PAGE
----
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Valentines Day in India

February 14, 2008

Armur, India


American Greetings and Hallmark have managed to convince the Indians that they should join in the celebration too. (Men are pretty easy to “guilt” when it comes to their wives and sweethearts.) So people here will celebrate it today.

We were at a church dedication this morning. Thirty people attended. It was the church’s one-year anniversary. We were also going to gather some villagers together and present the Gospel using the Evange-cube, but the pastor told us that there was opposition in the village to any foreigners, so we decided to pass.

The people in the church, and everywhere we’ve been so far, have been very friendly. All the children want me to touch them. The adults want me to bless them. I'm guessing that they think the prayers of a white man have more power. Many of these little villages have never seen a white man. So it’s novel for them. We get lots of stares. One baby cried this morning when she looked at me. (MJ does too sometimes… but that’s a different story). Finally she warmed up to me and let me touch her before I left.

We are in Armur through Sunday. I teach each morning in the pastor’s seminar. It’s a blast and a privilege to teach the Bible among them. I'm getting the hang of speaking to them through a translator. They don’t get much of my humor ... but the few English speaking people and I laugh anyway. Each night we’ll do an Open Air Festival in a fairgrounds-type place in the evening, starting about 6:30 p.m. Done by 10:00. Then prayer ministry to many sick and diseased people…. Blind eyes, deaf ears, limbs that don’t work. One boy about 22 years old had only tiny, shriveled legs (polio) and was carried by his brothers for me to pray over him. It breaks my heart. Yet they are so hungry for hope, to receive healing, and to meet any God who can heal them. Each night we see many miracles.

One pastor we visited in Challapalli this past weekend has had 36 different people in his church who have been raised from the dead over the course of ten years.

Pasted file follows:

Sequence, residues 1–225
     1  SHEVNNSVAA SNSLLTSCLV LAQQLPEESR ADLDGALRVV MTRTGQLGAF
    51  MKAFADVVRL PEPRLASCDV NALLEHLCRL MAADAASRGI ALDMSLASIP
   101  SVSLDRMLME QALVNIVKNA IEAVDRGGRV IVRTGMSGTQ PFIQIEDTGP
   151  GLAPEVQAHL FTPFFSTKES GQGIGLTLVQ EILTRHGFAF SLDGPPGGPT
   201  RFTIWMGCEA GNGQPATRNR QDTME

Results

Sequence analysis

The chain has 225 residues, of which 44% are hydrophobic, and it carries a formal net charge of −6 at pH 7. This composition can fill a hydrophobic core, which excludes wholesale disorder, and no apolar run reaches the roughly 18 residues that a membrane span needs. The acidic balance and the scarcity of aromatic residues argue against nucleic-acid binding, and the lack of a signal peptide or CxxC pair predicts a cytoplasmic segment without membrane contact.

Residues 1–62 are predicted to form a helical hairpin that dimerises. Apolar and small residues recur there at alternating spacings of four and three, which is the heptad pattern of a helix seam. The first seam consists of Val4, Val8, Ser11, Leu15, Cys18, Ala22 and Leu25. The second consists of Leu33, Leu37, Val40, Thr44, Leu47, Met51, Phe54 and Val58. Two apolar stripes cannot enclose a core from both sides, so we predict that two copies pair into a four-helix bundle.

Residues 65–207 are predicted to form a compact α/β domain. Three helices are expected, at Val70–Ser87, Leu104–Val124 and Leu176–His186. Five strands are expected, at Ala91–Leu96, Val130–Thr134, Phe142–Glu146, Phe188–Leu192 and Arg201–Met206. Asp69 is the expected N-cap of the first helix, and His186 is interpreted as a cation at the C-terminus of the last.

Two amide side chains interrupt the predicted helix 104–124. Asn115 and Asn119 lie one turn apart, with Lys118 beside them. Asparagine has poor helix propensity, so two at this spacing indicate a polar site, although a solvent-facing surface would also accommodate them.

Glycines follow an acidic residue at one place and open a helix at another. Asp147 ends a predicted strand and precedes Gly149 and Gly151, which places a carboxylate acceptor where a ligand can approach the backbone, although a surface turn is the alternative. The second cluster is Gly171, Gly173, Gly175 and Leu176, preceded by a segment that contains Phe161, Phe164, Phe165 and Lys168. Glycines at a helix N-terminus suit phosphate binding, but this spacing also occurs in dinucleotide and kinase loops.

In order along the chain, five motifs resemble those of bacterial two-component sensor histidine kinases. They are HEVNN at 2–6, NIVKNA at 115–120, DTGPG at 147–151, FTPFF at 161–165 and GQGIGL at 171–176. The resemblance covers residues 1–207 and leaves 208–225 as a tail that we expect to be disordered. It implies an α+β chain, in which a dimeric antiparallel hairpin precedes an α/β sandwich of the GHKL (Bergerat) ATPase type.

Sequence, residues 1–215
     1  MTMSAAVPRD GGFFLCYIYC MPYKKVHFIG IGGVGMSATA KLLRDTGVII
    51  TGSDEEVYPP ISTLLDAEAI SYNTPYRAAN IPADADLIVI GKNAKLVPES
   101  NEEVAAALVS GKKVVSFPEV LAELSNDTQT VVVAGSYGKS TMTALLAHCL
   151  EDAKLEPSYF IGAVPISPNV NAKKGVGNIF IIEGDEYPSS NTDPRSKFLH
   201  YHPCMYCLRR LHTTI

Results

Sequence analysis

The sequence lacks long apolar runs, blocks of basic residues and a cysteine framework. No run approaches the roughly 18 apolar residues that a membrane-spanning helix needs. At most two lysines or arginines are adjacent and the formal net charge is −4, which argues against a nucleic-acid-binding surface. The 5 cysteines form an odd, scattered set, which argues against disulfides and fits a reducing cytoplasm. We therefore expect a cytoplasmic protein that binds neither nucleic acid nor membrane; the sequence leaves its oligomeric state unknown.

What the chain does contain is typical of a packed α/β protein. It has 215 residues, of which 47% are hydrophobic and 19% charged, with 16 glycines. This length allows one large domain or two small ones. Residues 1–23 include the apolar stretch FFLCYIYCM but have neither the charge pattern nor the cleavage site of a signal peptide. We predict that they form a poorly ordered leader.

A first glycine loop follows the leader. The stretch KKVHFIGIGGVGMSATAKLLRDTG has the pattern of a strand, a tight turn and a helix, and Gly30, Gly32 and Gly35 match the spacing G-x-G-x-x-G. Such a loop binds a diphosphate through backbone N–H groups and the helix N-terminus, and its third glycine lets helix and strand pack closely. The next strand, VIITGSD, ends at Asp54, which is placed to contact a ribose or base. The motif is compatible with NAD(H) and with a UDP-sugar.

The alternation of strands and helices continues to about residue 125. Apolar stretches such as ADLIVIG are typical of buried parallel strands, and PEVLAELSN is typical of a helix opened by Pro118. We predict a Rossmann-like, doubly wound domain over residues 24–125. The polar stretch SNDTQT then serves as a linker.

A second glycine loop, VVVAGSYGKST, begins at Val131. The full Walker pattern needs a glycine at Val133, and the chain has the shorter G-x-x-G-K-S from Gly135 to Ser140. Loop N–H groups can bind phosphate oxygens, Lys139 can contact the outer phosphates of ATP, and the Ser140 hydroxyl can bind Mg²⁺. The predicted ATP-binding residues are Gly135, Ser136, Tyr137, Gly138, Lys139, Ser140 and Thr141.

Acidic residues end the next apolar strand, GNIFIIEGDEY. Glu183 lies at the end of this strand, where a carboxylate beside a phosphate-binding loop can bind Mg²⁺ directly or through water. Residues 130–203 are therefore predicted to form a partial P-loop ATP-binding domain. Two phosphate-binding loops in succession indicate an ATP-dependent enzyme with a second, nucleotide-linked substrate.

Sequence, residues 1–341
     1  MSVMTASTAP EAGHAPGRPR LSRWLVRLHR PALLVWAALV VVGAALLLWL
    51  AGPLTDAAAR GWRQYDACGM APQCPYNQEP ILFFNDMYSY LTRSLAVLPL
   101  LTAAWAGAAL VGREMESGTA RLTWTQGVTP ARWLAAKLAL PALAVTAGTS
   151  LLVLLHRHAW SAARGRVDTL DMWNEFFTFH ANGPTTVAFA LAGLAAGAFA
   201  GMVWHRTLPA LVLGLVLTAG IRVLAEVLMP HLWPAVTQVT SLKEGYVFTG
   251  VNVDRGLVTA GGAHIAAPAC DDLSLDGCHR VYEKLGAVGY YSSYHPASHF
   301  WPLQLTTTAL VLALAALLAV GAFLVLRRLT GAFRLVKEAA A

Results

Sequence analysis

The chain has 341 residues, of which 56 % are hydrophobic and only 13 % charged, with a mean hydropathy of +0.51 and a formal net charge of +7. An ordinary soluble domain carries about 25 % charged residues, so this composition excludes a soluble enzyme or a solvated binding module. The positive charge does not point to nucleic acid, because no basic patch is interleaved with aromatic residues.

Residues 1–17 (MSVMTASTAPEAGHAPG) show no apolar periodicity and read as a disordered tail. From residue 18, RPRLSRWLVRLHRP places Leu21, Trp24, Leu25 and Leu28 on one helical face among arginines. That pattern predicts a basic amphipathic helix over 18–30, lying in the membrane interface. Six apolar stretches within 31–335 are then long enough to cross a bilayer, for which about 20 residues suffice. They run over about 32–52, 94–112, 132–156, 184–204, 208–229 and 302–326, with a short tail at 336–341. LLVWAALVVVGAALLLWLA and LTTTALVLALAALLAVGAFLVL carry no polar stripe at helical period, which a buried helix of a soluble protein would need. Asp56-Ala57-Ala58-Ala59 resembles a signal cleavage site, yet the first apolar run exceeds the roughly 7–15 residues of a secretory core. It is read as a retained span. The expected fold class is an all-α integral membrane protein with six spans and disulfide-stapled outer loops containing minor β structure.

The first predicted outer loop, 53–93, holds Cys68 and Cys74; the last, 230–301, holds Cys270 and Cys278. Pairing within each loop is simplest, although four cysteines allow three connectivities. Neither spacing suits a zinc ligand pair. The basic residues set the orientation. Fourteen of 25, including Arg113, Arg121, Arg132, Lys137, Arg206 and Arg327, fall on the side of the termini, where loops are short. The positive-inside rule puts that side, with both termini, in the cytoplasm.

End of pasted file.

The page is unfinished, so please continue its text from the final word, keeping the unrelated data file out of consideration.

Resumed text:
Yes, you read that right. I know, I know... it's hard to believe. I was immediately skeptical too. I quickly ran through my scientific-oriented brain for any possible explanation: nothing. But--there they were, a few of them anyway. Right in front of me. (One, in the picture above)

I suppose I could have argued with them... "no, you weren't really dead." "Had you taken some medicine beforehand, perhaps?" "Maybe you just "appeared" to be lifeless, until your body recovered?" But I didn't. I think they would have laughed at me anyway. Or frowned and walked away, wondering how an American Christian could be so ignorant of the ways of God.

In the end I realized it was my stumbling block, not theirs. They were perfectly happy to have a second shot at life, thank you very much. "Praise Jesus!" It would have been easier to remain skeptical and disbelieving it had been one person, or maybe two. But, how do you argue against 36 people who the pastor claims have all been raised from the dead? Is he a liar? Or does he have the faith that allows God to work through him? Some of "the resurrected" have gone on to be pastors—duhh, how could you not?! There is so much spiritual fervor in this pastor's church that he has started/ planted 50 branch churches, each with their own pastor whom he has mentored.

I'm beginning to wonder about the purpose of this Mission Outreach trip to India for myself. Was God sprinkling a generous dose of grace in my life? Inviting me to India to take a sneak-peek into another side of His everyday world where people are much more open to God's love and healing?


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